TUESDAY, Jan. 15 (HealthDay News) -- Doctors fail to diagnose most patients with alcohol problems when they rely solely on their suspicions, rather than using proven screening methods, a new study finds.
Researchers looked at almost 1,700 patients, and found that about 14 percent screened positive for hazardous or harmful drinking.
Primary care doctors had suspected hazardous or harmful drinking in just 5 percent of the patients, however. And of those patients, less than two-thirds actually screened positive for a drinking problem.
In other words, the primary care doctors failed to diagnose more than 70 percent of patients with drinking problems when they relied on their suspicions rather than using screening tools, the authors reported.
According to the team, led by Dr. Daniel Vinson of the University of Missouri, the findings support the routine use of screening tools to supplement doctors' suspicions that a patient may have a drinking problem.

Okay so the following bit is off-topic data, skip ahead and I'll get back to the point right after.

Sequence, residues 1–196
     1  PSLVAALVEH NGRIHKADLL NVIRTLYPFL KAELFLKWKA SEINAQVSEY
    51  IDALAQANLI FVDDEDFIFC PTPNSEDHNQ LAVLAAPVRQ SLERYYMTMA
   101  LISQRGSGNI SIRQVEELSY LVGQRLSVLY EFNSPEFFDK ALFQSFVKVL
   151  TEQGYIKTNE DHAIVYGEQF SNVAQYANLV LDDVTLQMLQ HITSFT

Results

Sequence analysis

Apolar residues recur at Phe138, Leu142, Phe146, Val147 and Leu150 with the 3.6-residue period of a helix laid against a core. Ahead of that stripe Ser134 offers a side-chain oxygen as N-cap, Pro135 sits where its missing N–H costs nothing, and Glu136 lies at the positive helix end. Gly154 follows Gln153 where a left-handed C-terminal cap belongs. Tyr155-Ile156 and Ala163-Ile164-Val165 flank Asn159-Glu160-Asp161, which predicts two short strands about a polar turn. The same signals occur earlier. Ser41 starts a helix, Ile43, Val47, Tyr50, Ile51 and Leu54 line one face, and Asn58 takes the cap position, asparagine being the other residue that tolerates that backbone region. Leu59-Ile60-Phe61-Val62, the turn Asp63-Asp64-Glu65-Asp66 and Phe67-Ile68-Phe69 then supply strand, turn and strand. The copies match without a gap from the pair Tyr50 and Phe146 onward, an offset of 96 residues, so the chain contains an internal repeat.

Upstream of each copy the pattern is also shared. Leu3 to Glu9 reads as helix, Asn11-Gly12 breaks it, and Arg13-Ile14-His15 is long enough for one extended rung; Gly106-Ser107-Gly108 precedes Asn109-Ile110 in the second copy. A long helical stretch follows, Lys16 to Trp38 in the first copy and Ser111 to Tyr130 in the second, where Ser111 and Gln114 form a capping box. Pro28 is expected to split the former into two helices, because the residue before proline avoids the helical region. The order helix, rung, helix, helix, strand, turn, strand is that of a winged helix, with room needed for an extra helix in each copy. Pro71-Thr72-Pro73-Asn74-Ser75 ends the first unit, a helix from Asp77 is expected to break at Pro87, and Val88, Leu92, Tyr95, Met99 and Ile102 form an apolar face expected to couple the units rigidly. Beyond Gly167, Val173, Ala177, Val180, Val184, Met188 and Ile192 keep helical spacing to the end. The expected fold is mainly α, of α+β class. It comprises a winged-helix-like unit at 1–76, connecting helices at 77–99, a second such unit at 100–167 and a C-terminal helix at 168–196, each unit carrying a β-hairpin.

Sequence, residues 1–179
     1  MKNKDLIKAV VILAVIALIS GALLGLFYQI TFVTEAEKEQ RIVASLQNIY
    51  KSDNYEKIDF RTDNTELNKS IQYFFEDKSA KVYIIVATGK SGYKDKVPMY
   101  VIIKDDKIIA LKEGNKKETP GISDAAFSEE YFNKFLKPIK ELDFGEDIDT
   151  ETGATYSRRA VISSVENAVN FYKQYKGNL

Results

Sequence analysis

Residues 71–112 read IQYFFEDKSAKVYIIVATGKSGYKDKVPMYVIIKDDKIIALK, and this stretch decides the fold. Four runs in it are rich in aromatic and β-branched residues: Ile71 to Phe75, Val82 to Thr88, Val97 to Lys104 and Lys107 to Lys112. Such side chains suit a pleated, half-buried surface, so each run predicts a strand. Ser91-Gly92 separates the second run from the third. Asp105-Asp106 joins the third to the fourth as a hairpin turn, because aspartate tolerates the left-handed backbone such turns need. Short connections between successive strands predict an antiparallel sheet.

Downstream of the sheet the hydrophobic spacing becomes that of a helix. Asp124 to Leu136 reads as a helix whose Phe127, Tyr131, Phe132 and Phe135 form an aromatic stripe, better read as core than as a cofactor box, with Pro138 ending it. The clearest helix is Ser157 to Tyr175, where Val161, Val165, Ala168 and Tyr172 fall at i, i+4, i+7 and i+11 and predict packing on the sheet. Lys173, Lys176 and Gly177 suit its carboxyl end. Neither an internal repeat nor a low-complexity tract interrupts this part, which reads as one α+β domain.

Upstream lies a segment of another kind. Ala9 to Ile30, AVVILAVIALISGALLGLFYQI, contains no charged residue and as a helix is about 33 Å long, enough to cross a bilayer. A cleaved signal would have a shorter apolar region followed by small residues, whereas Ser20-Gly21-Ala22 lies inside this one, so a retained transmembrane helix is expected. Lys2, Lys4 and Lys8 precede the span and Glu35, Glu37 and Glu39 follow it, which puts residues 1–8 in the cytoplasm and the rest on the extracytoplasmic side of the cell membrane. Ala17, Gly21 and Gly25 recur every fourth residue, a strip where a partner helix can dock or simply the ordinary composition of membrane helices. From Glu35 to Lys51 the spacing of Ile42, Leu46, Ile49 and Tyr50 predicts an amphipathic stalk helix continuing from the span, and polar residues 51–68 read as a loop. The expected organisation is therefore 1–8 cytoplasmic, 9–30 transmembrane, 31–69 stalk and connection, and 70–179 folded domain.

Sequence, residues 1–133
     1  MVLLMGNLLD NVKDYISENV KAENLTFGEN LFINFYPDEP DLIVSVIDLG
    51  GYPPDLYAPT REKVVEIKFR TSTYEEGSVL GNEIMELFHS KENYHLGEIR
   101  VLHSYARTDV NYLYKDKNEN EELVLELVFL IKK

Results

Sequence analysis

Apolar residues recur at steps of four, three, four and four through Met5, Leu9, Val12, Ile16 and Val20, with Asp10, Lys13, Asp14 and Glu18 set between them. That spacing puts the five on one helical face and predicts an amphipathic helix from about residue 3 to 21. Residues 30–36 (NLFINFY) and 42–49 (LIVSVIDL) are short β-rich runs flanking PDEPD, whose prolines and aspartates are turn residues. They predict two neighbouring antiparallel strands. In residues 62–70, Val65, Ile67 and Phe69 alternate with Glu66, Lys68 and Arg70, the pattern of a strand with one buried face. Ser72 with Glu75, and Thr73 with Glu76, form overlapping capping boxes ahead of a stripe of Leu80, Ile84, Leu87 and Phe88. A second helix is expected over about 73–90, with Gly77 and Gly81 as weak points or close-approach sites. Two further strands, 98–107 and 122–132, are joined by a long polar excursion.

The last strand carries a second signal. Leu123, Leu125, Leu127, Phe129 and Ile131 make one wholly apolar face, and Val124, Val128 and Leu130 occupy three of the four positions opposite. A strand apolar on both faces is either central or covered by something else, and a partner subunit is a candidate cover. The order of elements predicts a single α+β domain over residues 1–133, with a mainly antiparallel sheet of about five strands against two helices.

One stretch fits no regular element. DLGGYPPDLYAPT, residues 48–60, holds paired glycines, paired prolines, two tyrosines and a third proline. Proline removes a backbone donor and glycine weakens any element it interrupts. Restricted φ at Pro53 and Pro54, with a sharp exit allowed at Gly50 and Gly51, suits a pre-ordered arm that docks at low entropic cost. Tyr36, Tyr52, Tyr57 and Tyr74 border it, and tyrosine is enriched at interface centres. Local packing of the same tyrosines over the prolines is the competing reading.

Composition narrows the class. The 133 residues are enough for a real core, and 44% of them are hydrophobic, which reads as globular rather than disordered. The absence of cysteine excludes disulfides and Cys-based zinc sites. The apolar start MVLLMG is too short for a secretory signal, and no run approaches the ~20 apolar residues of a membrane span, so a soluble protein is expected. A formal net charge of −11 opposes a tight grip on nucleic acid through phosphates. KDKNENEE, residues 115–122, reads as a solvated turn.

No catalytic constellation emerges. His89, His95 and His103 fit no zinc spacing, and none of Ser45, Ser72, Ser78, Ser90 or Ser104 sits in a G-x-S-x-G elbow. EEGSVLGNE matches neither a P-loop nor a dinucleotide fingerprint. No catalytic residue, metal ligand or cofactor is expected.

Two experts not connected to the study had divergent views on the findings.
Bruce Goldman is director of Substance Abuse Services at the Zucker Hillside Hospital in Glen Oaks, N.Y. He noted that, "high-risk drinking is a major contributor to preventable health and social problems," and primary care doctors "are uniquely positioned to screen and assess all patients' patterns of alcohol and drug use."
He agreed with the study authors that, "a few standardized screening questions, consistently asked of all patients, could quickly identify those who would benefit from either education or referral to specialized care."
But another expert said that's easier said than done in real-world settings.
Dr. Neil Calman, chairman of family medicine and community health at the Icahn School of Medicine at Mount Sinai, in New York City, agreed that validated screening methods undoubtedly beat doctors' suspicions in uncovering problem drinking in patients.<
All rights reserved